Majority of Germans could receive Covid-19 vaccine by autumn 2021, says health minister

German Health Minister Jens Spahn predicted that 60 percent of people in Germany could be vaccinated against coronavirus by the end of summer 2021.

Majority of Germans could receive Covid-19 vaccine by autumn 2021, says health minister
Jens Spahn (CDU) visiting a coronavirus vaccination centre in Nuremberg on December 10th. Photo: DPA

Based on the situation today, it’s likely that such a high dose would be ready and available by this point, he said on Monday evening to public broadcaster ZDF's “heute journal.”

According to experts from the World Health Organisation (WHO), a vaccination coverage rate of 60 to 70 percent of the population is necessary to effectively combat the pandemic.

“Our goal is that there will be an approval before Christmas and that we can then start vaccinating this year, also here in Germany,” said Spain from the Christian Democrats (CDU).

The European Medicines Agency (EMA) would make the final decision for approval. The Mainz-based pharmaceutical company BioNtech and its US partner Pfizer had applied to the EMA for approval of the coronavirus, and are expected to hear back by December 29th.

According to a report, however, Germany is pushing for emergency approval by December 23rd. 

READ ALSO: Germany 'pressuring EU to speed up vaccine approval'

The fact that the vaccine co-developed in Germany can already be used in the US, Canada and the UK, but not yet in Germany, has been met with criticism. 

“It cannot be that a vaccine developed in Germany can only be licensed and used in January,” said Christine Aschenberg-Dugnus, the health policy spokesperson of the Free Democrats (FDP) in the Bundestag.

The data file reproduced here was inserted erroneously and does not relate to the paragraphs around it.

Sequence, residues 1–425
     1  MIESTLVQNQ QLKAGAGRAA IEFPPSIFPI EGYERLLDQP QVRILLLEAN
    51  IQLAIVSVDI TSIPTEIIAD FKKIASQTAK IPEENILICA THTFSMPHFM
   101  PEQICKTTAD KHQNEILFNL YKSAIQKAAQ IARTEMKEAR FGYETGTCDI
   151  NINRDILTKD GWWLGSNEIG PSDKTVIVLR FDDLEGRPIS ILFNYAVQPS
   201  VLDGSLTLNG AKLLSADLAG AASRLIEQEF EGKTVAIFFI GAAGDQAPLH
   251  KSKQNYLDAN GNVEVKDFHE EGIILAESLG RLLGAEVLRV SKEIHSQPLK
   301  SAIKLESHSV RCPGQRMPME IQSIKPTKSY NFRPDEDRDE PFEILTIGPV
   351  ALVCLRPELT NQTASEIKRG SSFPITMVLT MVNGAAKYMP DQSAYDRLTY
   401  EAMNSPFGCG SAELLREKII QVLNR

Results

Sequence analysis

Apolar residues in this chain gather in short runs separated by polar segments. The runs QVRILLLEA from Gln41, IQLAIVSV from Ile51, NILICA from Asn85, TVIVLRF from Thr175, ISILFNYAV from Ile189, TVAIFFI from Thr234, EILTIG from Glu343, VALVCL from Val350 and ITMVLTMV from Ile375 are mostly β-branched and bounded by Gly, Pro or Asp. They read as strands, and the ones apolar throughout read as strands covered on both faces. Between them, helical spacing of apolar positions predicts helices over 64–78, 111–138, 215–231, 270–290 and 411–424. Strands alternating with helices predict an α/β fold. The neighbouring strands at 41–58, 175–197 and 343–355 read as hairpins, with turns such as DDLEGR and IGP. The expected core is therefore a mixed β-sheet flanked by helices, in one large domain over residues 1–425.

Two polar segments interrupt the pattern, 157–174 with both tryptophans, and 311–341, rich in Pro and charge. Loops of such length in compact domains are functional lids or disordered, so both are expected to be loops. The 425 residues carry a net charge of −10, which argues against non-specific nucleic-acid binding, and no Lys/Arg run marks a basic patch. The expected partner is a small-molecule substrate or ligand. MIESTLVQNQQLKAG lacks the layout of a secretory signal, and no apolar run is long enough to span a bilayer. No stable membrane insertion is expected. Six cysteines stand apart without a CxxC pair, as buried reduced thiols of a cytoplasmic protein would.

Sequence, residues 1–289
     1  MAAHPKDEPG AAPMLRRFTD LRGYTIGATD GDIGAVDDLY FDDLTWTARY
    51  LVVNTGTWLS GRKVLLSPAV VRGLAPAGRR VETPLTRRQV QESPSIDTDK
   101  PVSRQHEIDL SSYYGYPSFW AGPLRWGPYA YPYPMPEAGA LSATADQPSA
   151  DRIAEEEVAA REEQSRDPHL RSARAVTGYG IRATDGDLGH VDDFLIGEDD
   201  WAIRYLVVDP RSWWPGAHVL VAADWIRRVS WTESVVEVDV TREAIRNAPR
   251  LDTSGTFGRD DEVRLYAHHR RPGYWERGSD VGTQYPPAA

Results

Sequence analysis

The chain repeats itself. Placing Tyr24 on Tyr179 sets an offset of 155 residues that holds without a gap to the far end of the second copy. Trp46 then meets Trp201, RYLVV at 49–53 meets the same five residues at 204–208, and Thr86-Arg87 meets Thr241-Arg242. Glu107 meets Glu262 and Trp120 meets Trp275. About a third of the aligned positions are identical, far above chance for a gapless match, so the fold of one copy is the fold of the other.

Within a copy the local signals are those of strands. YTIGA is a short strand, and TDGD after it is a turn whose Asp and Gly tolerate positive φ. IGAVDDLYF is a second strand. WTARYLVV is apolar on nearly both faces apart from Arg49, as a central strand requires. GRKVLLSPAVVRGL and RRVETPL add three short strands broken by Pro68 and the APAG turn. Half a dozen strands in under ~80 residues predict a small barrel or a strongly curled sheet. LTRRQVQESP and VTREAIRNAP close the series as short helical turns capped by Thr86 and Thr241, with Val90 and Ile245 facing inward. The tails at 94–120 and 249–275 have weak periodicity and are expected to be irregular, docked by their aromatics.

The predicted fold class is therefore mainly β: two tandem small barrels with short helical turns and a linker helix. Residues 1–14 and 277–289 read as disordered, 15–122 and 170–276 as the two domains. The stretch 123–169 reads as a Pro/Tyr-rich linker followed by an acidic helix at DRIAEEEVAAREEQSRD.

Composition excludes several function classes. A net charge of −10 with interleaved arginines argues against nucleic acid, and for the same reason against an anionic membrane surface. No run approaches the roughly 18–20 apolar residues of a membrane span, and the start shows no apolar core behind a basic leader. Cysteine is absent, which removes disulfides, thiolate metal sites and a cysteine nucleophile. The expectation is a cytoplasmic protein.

“I wonder if we really need until December 29th to get approval for the vaccine in Europe. Europe should also try to create an emergency approval before then,” German Hospital Association (DKG) President Gerald Gaß told Redaktionsnetzwerk Deutschland on Tuesday morning. 

“Then we could go to the nursing homes with mobile teams before Christmas and vaccinate the residents there.”

READ ALSO: Who will receive the first coronavirus vaccine jabs in Germany – and when?

A woman checks into a trial coronavirus test centre set up in Mainz. Photo: DPA

Spahn against emergency authorisation

Spahn has repeatedly spoken out against an emergency authorisation for Germany. From the very beginning, the country has been in favour of a proper authorisation at the European level, the CDU politician told ZDF. 

“That is important for confidence from my point of view.” He said he was surprised at some very national tones from countries wanting first approval of the vaccine. 

“But yes, it (vaccination) should come quickly,” he added.

According to Spahn, 12 to 13 million vaccine doses can be expected for the first quarter. If there was an additional approval from Astra Zeneca or Johnson & Johnson in this first quarter, “we would also have additional vaccine doses available”, he added. “That is quite realistic, but it is also not yet certain.”

Germany has already set up several vaccination centres around the country, and is preparing to give the most vulnerable groups, including health care workers and care home residents, the first doses of the vaccine

There are high hopes for the vaccine amid a high number of new coronavirus infections around Germany.